Christopher Wheeldon was smart to choose the Grimm brothers' "Cinderella" for his first evening-length ballet, which the San Francisco Ballet opened Friday at the War Memorial Opera House in a sold-out run. This two-hour, 33-minute ballet in three acts took two years and the efforts of two companies on two continents to craft, being a joint project with the Dutch National Ballet, which shared resources and teamed up dancers along the way.
It depicts the familiar journey of loss, help and transformation, and it also captures the ghoulishness of misfortune and the comedy bad luck yields. How apt in an era when the news is dire, yet we cling to the hope ofa a happy ending.
But Wheeldon was even smarter with the team he he chose. He hired a world-class design crew to create a conception that is breathtaking in its fancifulness -- -- it is technically and scenically ingenious, from the opening image of a fantastic blue sky studded with fat white clouds and darting birds to the magic ascension of chairs at the end to form an archway for Cinderella and the Prince.
The designers make brilliant use of Japanese puppet-theater methods, of cinematic magic, of giant puppet heads and of a tree that grows lush and broad and undergoes seasonal changes. It's a ballet that seeks out the complex delicacy of imagination and finds new ways of making it materialize on stage throughout the night.
The dancing wasn't bad either, and given the physical magnitude of the stage design, this was no small accomplishment. The dancing magic sprouted faster and more deliciously from one source than almost any other source: the comedy. The biggest news of the night was that Wheeldon, at heart, may be a closet vaudevillian whose antics equal Frederick Ashton's and Jerome Robbins' at their funniest. In some of the finest comedic dancing in memory, Katita Waldo as the small-minded stepmom witch, Sarah Van Patten as the bullying and vainglorious older stepsister, and Frances Chung as the bespectacled young ninny formed a triumvirate that danced with vicious silliness. Such inventive dance, surgically delivered, is a rare delight.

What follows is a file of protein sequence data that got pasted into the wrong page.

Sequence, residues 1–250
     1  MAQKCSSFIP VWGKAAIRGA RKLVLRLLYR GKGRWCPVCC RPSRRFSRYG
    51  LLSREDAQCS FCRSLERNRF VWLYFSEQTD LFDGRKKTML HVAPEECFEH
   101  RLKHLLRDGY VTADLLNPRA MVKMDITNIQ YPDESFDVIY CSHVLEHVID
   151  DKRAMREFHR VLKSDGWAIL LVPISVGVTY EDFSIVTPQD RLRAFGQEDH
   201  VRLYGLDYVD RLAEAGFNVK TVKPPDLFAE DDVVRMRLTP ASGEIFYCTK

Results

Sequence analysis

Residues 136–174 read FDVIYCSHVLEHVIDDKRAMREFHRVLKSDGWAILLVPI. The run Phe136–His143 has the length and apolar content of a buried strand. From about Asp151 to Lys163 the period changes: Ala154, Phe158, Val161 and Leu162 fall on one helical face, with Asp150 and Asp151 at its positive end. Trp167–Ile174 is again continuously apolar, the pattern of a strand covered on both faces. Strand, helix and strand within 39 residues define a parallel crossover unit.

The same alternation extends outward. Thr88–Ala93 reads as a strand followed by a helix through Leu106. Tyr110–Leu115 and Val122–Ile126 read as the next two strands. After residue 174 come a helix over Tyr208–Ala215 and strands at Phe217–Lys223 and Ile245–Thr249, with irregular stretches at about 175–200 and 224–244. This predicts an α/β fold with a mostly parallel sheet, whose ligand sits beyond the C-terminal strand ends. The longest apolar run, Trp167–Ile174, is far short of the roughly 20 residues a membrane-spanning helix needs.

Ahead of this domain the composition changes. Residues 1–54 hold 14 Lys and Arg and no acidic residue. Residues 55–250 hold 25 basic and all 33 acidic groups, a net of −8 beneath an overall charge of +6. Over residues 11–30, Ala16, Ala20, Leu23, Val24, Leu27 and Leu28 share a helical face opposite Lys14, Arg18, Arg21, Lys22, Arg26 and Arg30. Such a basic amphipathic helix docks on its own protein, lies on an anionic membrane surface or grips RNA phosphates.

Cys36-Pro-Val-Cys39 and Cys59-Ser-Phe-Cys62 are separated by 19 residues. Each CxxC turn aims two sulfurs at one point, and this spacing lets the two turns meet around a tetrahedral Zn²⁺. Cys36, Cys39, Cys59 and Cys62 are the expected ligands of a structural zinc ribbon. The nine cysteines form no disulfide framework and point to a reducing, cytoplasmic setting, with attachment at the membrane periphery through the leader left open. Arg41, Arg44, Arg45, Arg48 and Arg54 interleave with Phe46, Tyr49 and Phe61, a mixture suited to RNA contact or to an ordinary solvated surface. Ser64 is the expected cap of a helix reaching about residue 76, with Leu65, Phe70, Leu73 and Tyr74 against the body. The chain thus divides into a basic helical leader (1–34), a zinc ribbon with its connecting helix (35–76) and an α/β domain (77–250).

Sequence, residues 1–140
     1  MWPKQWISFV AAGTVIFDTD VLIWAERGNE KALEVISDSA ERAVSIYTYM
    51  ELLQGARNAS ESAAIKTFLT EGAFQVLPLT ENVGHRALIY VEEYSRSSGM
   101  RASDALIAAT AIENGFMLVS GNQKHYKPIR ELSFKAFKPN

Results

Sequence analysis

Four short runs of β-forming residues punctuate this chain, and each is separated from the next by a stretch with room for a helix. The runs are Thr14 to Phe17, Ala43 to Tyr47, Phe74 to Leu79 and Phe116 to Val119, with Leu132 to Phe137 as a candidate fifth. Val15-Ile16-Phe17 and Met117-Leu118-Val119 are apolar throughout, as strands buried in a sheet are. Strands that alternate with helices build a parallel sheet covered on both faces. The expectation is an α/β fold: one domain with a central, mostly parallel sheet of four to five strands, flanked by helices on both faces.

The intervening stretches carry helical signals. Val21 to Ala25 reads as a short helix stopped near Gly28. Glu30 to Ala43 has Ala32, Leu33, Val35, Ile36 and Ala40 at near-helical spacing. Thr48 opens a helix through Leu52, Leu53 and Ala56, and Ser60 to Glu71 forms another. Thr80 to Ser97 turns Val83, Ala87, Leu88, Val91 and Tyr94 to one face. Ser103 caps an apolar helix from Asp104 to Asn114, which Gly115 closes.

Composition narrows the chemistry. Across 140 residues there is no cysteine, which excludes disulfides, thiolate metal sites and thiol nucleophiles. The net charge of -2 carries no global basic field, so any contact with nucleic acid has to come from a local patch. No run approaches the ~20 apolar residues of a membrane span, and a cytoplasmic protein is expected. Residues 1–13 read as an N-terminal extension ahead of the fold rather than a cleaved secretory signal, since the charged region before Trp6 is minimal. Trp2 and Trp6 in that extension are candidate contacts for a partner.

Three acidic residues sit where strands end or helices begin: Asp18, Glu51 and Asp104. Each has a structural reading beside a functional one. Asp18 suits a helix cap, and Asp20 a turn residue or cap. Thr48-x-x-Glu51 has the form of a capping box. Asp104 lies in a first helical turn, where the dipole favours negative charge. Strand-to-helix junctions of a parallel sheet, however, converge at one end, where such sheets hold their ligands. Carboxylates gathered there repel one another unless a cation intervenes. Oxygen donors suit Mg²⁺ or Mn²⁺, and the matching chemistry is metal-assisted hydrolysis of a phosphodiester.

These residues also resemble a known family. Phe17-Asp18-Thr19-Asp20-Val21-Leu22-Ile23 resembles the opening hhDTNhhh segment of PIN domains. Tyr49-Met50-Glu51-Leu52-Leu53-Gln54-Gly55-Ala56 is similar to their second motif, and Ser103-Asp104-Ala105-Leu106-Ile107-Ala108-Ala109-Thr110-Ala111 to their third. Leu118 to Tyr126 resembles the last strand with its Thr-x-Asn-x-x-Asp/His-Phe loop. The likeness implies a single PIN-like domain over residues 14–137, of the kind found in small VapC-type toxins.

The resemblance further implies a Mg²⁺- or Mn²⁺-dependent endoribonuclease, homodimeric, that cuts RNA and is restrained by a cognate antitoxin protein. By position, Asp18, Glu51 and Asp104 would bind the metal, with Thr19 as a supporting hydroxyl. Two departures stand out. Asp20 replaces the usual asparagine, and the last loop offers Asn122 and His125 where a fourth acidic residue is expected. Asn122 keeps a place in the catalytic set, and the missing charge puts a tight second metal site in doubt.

Dancing to Sergei Prokofiev's lush and often melancholic 1945 score, Maria Kochetkova was a pliant, dreamy Cinderella, and Joan Boada an earnestly boyish Prince. Their first dance encounter, when he is impersonating a street urchin she has sheltered in the house, is tentative and heartfelt, shy in a memorable way, and is begun with her feet on top of his.
But the later love pas de deux were formulaic and grew wearisome as Wheeldon clung to motifs that signaled "this is love" -- Boada endlessly lifting, Kochetkova spinning and leaping. Ballet choreographers need to look at what choreographers outside the opera houses are doing.
There were other missteps. Wheeldon's spoof on traditional "ethnic" cameos could have been fantastical but was hackneyed kitsch instead, and his large group dances for spirits of the seasons were busy work performed in fright wigs.
But the elegantly impish Taras Domitro as the Prince's best friend and son of the King's valet, danced joyously and inventively. Damian Smith performed Cinderella's father with apt fecklessness, and Val Caniparoli as Ben's father had a comic-serious way with his jousting stick.
Meanwhile, the four fates (gold-masked men in blue and black, inspired by Japanese bunraku puppeteers who operate in plain view) would have been more powerful as four women -- four archetypal guardians of life and death sent by Cinderella's dead mother, four aspects of the future young woman as she confronts her fate. Even so, they added a silent, lurking presence to the whole that brought depth to a night big on magic.
Ann Murphy is assistant professor and head of the Mills College dance department. Contact her at email@example.com.
By Christopher Wheeldon, presented by San Francisco Ballet
When: Through May 12
Where: War Memorial Opera House, 301 Van Ness Ave., San Francisco
Tickets: Sold out